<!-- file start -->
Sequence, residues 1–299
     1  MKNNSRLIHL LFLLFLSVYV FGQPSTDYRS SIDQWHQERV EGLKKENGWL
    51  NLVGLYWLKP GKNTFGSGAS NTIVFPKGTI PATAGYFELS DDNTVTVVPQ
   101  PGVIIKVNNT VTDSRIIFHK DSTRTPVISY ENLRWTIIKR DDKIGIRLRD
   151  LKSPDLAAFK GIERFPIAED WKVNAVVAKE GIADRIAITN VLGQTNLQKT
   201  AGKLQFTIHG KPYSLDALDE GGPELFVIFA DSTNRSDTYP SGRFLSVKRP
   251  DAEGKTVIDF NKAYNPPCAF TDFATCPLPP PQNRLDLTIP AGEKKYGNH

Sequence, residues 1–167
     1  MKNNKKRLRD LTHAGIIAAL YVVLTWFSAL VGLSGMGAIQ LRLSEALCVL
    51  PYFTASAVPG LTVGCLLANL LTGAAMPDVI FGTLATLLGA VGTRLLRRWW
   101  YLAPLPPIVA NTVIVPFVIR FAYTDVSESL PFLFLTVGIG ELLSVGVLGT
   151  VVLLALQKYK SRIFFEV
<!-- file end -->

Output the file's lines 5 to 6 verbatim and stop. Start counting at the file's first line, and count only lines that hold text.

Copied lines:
   151  LKSPDLAAFK GIERFPIAED WKVNAVVAKE GIADRIAITN VLGQTNLQKT
   201  AGKLQFTIHG KPYSLDALDE GGPELFVIFA DSTNRSDTYP SGRFLSVKRP